How to use React Basic Hooks useState, useEffect and useContext

Koji Mochizuki
Sep 10 · 4 min read
Photo by Chris Scott on Unsplash

Hooks are a new feature released in React 16.8. Previously, only class components could have lifecycle methods such as state and componentDidMount. But with React Hooks, functional components can also have these features.

In this tutorial, we will build a simple Book App using three Basic Hooks. It looks like this:

Book App

Let’s get started!


Table of Contents

  1. Creating React App
  2. Using Materialize
  3. Using Context
  4. Creating Components
  5. Updating the App component
  6. Styling the App
  7. Testing the App

Creating React App

To create a new app, use the following method:

yarn create react-app react-hooks-app

If you have never used Yarn, you will need to install it on your system. Or, you can use npm instead.

Move to the app’s directory and start a local server:

cd react-hooks-app
yarn start

A new browser tab opens and displays the initial page. If not, open http://localhost:3000 to view it in your browser.

Edit the App.js file and see how the display changes:

Save the file and look at your browser. Did “App” appear?

Since the App.test.js and logo.svg files are not used, you can remove them from your project.

Using Materialize

In this tutorial, we will use Materialize as a front-end framework. You can easily get started with CDN. In addition, include a line for using Material Design Icons. Open the index.html file in the public directory:

Simply add the <link> tags inside the <head> tag and the <script> tag inside the <body> tag. Also, change the title.

Using Context

To be honest, the app we are going to create is so simple that we do not need to use Context, but I would like to use it as a test.

Create a new folder named contexts in the src directory, then add a new file named BookContext.js inside the folder:

useState is one of the Basic Hooks. It returns a stateful value [state, ...], and a function [..., setState] to update it.

Context objects come with a Provider component. It takes a value property and passes it to descendant components.

uniqid is a unique ID generator.

yarn add uniqid

It is very easy to use.

Creating Components

Create a new folder named components in the src directory, then add some component files inside the folder.

BookList

First, create a file named BookList.js:

useContext, one of the Hooks, receives a context object and returns the current value of the context.

BookForm

Create a file named BookForm.js:

Form components use a state to store temporary values. After submitting a form data, use the setBook function to empty the values.

If a state object has multiple values, we can write handleChange using the Spread Operator.

Dashboard

Create a new component to bundle these two components:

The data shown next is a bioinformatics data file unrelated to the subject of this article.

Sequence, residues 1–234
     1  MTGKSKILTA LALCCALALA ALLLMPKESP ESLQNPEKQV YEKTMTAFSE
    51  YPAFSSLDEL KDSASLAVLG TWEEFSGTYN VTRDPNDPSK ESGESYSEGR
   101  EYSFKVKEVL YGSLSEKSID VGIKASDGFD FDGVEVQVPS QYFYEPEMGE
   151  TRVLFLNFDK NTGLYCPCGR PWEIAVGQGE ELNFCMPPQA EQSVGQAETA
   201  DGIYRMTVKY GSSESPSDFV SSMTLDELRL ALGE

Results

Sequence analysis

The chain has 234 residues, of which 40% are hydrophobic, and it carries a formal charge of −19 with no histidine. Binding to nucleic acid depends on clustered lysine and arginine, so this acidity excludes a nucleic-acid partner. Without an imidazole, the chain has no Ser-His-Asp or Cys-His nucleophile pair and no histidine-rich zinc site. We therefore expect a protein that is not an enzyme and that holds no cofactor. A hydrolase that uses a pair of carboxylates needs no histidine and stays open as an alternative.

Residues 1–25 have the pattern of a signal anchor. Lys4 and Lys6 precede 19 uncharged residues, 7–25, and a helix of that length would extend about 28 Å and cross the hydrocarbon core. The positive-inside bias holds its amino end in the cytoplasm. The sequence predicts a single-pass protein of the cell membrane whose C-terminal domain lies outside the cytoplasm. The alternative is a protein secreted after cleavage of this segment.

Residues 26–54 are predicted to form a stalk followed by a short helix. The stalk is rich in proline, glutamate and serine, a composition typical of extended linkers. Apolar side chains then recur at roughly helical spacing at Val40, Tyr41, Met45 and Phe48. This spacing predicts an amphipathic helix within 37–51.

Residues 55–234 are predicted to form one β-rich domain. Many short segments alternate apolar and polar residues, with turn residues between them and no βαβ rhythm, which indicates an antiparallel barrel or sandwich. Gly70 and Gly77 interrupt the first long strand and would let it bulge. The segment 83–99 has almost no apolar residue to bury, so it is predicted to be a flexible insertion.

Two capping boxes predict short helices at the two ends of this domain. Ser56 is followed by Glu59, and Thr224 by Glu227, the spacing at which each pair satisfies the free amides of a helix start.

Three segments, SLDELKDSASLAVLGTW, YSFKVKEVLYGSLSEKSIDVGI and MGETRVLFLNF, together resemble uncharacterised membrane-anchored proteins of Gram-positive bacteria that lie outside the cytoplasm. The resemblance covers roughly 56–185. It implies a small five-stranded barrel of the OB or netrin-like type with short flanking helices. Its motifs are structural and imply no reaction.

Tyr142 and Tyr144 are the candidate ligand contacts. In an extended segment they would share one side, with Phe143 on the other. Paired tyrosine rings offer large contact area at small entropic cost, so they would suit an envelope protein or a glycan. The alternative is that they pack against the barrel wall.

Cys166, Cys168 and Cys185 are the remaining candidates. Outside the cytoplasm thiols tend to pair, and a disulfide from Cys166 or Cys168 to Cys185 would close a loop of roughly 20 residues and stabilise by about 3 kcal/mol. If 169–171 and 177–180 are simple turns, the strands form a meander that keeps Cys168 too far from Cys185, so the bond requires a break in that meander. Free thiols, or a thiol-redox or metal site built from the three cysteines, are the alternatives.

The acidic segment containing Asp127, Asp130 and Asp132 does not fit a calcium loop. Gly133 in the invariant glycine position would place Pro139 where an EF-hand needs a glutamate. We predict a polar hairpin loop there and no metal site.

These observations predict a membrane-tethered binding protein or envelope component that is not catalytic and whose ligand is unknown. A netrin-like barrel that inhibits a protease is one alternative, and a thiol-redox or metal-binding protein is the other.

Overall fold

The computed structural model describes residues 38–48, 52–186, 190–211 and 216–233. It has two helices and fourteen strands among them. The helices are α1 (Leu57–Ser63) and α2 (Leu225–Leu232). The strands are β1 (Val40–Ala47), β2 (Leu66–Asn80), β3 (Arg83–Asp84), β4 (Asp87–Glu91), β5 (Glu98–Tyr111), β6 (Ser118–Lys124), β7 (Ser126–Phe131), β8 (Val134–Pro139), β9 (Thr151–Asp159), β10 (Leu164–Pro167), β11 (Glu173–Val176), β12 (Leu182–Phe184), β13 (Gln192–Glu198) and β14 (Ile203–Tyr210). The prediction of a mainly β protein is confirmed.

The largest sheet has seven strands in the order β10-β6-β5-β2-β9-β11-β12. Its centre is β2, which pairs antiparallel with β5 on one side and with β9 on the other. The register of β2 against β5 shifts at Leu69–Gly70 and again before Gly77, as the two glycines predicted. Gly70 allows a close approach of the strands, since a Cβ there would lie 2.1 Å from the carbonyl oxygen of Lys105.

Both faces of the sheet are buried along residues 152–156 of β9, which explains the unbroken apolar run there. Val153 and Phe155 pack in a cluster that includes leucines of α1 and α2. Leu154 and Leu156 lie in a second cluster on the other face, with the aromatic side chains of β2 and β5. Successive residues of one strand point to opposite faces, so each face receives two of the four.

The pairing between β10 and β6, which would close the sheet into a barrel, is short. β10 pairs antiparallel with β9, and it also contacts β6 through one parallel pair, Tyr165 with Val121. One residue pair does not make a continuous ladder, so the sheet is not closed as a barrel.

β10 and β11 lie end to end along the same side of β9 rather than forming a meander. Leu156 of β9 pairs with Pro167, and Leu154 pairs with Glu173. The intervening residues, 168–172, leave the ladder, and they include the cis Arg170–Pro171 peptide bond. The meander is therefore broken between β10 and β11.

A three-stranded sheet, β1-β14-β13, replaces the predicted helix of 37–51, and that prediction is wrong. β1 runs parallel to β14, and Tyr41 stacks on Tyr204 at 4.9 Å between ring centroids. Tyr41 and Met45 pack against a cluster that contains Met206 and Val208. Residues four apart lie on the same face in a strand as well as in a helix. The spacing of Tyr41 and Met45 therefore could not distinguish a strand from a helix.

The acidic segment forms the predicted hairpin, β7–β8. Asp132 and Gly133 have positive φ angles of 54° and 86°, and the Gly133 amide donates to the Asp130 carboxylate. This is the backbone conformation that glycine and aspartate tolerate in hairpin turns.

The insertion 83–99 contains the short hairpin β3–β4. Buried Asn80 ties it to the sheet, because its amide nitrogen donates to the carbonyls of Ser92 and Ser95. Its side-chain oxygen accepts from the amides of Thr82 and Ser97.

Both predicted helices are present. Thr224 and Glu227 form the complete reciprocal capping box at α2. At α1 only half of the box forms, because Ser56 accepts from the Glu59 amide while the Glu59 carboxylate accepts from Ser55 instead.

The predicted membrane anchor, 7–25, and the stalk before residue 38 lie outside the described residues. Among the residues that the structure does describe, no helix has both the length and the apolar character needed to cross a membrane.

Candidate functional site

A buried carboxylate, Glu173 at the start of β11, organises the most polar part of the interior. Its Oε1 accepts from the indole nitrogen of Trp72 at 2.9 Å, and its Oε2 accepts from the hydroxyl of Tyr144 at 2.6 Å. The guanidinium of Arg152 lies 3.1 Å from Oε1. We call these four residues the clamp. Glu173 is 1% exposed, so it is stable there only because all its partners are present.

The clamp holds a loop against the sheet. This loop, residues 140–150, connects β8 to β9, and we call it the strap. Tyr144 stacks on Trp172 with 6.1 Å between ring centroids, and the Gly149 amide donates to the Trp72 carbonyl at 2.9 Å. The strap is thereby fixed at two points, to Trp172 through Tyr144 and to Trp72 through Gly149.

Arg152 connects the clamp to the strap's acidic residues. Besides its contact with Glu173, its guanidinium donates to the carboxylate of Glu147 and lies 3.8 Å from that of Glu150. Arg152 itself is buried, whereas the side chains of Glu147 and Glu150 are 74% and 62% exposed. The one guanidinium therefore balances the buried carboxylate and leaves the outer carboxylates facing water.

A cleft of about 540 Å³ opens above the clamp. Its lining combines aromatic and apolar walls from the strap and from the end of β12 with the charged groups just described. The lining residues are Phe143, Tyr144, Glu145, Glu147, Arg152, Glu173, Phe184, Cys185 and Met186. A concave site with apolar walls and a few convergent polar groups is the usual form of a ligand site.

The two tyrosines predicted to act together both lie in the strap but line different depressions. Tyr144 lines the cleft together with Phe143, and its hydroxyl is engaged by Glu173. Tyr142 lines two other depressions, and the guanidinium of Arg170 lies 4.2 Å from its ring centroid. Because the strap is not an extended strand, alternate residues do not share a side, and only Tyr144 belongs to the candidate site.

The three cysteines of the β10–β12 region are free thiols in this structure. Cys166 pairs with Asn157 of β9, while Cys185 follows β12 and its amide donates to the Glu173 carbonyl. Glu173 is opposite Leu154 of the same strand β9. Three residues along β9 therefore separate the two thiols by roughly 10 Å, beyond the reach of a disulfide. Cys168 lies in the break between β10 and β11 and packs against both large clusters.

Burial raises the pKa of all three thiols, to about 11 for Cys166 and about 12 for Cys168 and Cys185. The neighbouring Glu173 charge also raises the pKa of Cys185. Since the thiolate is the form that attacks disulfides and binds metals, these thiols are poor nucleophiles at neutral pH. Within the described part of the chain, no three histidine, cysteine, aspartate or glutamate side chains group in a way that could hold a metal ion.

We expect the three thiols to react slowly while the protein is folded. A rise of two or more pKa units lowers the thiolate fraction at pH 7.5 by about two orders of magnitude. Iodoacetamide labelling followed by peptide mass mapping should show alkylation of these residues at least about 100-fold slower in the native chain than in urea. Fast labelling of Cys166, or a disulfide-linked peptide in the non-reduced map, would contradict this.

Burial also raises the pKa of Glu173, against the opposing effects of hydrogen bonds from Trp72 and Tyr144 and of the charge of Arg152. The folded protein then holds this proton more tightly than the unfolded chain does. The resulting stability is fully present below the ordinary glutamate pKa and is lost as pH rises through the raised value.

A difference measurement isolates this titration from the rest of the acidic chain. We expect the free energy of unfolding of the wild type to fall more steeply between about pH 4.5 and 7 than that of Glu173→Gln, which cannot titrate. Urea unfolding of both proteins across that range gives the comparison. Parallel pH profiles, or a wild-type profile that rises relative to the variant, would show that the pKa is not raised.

About

Create a simple component for the about page:

Contact

Also, create a component for the contact page:

Navbar

Finally, create a navbar component:

The last one of the Basic Hooks, useEffect, is used here. It is clearly described in the React Docs:

If you’re familiar with React class lifecycle methods, you can think of useEffect Hook as componentDidMount, componentDidUpdate, and componentWillUnmount combined.

In our useEffect hook, initialization code for a slide-out menu provided by Materialize is set.

Install a module to use Link navigation:

yarn add react-router-dom

Updating the App component

Now, nest all the components we have created in the App component:

We can use the contexts by setting our ContextProvider as above.

Styling the App

As a final touch, style our app a bit. Open the App.css file and overwrite it as follows:

It is convenient to define CSS variables for colors that are used repeatedly. It will be effective when your app grows.

Testing the App

The Book App should look like this:

Dashboard

Add some items to see if the form is working. Also, test the delete action.

Slide-out Nav

The slide-out function is also working well. Sorry that the picture is not so good…

About
Contact

Routing is also perfect!


This is the end of this tutorial. This time we tried to build a simple app to test the Basic Hooks. In the next step, I will write about database connection and deployment.

The source code used in this tutorial is available on GitHub.

Leave a comment below if you have any questions or concerns. You can also contact me via Twitter.

Thank you for reading :)


Koji Mochizuki

Written by

Web App Developer, Blockchain Engineer. Python / Django / Flask / JavaScript / Node.js / React / Solidity

Welcome to a place where words matter. On Medium, smart voices and original ideas take center stage - with no ads in sight. Watch
Follow all the topics you care about, and we’ll deliver the best stories for you to your homepage and inbox. Explore
Get unlimited access to the best stories on Medium — and support writers while you’re at it. Just $5/month. Upgrade